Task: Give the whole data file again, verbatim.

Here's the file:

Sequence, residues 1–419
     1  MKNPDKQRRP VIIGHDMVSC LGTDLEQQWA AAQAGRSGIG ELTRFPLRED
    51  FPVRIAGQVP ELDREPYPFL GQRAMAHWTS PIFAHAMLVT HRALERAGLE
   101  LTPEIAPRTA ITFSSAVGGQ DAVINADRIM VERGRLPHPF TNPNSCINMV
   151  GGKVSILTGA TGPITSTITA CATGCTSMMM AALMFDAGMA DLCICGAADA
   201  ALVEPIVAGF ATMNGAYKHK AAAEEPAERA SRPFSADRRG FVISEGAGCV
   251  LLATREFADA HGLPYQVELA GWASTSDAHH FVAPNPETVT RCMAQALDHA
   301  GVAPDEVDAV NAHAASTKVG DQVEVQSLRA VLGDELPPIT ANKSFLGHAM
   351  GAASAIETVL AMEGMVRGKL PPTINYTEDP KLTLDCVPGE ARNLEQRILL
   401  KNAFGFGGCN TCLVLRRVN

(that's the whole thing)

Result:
Sequence, residues 1–419
     1  MKNPDKQRRP VIIGHDMVSC LGTDLEQQWA AAQAGRSGIG ELTRFPLRED
    51  FPVRIAGQVP ELDREPYPFL GQRAMAHWTS PIFAHAMLVT HRALERAGLE
   101  LTPEIAPRTA ITFSSAVGGQ DAVINADRIM VERGRLPHPF TNPNSCINMV
   151  GGKVSILTGA TGPITSTITA CATGCTSMMM AALMFDAGMA DLCICGAADA
   201  ALVEPIVAGF ATMNGAYKHK AAAEEPAERA SRPFSADRRG FVISEGAGCV
   251  LLATREFADA HGLPYQVELA GWASTSDAHH FVAPNPETVT RCMAQALDHA
   301  GVAPDEVDAV NAHAASTKVG DQVEVQSLRA VLGDELPPIT ANKSFLGHAM
   351  GAASAIETVL AMEGMVRGKL PPTINYTEDP KLTLDCVPGE ARNLEQRILL
   401  KNAFGFGGCN TCLVLRRVN